But they totally could duplicate everything else they’ve done on iOS. They could release iBooks for Mac as a separate app and have the store built in there, same for Podcasts and iTunes U, leaving Music and Videos and their corresponding stores in the iTunes app. Alternatively, the could follow even more closely and just leave iTunes as the store (and possibly sync manager) and then have even separate apps for Music and Videos.

It’d be interesting to see if they would merge iOS and Mac App Stores, too. It would give even more exposure to Mac apps and help companion apps to popular iOS device apps get discovered. Heck, if they let Windows users see the Mac App Store then maybe they’d get even more switchers as people dispel the old myth that they can’t get the apps they need on a Mac.

At any rate, it’s still painfully obvious that iTunes in its current form is slow, bloated, and overreaching and needs to be dealt with. Do we really need one single app to listen to music, watch TV, take some college courses, organize books and PDFs, find and buy new apps and music and movies and TV shows and books, and backup a mobile device? I don’t think so.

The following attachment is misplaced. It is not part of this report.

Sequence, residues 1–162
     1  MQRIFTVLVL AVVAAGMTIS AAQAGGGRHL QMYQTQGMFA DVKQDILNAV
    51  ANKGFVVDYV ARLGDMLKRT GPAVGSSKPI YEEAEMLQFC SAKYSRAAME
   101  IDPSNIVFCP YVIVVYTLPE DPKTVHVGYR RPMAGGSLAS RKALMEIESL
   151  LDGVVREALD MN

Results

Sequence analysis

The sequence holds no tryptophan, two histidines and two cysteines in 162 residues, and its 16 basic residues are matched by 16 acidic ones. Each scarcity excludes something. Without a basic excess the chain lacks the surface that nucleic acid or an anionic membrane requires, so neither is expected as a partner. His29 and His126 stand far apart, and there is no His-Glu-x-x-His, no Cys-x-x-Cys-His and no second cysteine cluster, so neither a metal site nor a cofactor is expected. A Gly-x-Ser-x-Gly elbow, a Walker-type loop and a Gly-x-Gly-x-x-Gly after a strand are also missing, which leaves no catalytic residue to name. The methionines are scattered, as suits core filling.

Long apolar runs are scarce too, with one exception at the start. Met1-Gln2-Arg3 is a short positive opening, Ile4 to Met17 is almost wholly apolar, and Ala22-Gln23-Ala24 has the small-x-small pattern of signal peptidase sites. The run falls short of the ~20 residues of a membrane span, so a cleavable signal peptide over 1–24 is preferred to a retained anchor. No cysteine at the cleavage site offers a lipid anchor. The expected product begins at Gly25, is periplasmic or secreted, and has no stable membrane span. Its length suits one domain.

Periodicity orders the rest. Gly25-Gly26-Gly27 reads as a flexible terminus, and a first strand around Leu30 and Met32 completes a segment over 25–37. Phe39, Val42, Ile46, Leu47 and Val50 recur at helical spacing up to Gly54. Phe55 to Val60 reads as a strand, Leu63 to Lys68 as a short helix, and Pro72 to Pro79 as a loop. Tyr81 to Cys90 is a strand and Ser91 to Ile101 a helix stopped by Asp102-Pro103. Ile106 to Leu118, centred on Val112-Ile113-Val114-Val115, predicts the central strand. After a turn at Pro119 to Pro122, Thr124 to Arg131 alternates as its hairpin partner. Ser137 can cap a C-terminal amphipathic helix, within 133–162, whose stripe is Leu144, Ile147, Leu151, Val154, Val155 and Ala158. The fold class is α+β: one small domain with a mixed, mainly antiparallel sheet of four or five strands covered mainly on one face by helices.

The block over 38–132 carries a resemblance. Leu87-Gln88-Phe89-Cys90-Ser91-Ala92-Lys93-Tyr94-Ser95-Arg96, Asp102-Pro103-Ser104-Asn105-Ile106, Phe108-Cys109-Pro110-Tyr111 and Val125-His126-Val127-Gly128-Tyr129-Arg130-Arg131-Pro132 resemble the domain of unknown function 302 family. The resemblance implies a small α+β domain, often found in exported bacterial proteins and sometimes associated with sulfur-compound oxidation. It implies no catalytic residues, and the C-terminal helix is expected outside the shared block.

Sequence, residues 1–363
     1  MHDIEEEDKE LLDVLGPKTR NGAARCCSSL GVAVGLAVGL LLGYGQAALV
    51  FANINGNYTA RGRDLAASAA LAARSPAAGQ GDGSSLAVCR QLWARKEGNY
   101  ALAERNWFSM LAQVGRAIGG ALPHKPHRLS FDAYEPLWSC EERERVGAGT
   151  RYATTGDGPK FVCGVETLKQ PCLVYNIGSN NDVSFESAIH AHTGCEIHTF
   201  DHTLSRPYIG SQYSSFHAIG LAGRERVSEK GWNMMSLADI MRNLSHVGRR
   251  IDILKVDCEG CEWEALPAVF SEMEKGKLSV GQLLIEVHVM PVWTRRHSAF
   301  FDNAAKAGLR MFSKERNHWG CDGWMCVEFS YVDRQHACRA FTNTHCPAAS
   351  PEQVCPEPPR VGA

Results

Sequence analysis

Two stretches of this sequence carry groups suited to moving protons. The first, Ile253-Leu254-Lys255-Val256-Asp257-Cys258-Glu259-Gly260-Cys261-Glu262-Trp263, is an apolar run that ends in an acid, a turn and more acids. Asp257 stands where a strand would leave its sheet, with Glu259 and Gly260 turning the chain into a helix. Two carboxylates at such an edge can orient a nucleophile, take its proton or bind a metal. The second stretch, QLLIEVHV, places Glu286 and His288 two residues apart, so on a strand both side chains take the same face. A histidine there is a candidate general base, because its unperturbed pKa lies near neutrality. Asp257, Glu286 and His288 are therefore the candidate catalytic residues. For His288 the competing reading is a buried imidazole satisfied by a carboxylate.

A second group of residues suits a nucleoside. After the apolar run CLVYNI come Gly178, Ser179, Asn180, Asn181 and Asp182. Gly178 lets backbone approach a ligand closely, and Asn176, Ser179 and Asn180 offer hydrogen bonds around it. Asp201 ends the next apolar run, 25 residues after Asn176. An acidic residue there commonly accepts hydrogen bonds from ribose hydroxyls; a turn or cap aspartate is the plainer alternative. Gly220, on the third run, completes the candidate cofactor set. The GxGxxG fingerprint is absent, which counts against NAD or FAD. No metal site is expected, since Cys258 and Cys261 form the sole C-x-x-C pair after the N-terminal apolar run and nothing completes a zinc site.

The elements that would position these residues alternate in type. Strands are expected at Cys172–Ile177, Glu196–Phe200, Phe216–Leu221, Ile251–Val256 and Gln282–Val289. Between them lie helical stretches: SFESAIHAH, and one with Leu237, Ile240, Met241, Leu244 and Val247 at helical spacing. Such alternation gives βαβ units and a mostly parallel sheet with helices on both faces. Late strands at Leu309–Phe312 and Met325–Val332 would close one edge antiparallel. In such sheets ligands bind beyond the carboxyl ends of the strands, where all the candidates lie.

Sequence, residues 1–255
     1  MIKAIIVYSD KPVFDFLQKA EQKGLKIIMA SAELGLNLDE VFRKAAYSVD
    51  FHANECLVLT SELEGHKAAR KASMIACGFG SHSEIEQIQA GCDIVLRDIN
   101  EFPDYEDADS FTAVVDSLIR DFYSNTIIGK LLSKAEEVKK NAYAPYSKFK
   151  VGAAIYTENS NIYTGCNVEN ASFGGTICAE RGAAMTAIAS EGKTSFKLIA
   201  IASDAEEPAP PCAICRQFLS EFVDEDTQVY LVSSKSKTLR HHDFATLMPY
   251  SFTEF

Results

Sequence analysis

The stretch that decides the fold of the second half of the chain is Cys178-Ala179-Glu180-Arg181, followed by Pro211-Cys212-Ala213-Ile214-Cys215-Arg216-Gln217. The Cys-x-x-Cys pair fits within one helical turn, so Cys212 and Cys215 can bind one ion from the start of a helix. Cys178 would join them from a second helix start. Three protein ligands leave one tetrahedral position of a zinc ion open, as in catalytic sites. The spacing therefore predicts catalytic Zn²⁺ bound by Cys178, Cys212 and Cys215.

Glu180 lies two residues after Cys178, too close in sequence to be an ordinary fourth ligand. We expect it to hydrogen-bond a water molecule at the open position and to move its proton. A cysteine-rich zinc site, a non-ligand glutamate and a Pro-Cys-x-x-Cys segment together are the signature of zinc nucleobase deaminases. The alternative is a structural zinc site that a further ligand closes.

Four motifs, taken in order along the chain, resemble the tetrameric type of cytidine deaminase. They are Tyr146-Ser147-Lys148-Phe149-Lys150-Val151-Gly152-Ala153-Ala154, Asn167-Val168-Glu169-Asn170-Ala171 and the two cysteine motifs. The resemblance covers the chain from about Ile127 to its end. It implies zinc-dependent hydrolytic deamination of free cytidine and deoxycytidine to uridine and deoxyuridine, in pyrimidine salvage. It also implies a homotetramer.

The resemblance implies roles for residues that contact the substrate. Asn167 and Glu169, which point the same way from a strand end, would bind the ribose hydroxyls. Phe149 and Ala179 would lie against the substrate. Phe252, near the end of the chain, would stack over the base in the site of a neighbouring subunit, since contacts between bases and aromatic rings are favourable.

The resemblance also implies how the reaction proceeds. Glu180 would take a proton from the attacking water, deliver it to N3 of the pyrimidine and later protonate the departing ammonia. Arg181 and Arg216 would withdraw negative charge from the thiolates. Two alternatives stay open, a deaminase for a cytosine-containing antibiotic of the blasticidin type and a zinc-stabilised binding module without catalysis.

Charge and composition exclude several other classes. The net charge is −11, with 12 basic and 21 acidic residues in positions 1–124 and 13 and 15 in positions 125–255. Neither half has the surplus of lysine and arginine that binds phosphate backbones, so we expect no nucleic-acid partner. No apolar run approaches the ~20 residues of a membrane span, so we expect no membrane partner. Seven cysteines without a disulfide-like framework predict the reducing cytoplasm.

Why Today’s Google Maps Event Proves Google Is Scared Witless Of iOS 6

While the language and severity of this post may push it too far, I’m not sure very many people could argue with the basic premise particularly if they watch the whole video. The event was 1 hour and 20 minutes. There was almost literally nothing new or event worthy up until the last 10 minutes. Up until that point it was like they were patting themselves on the back.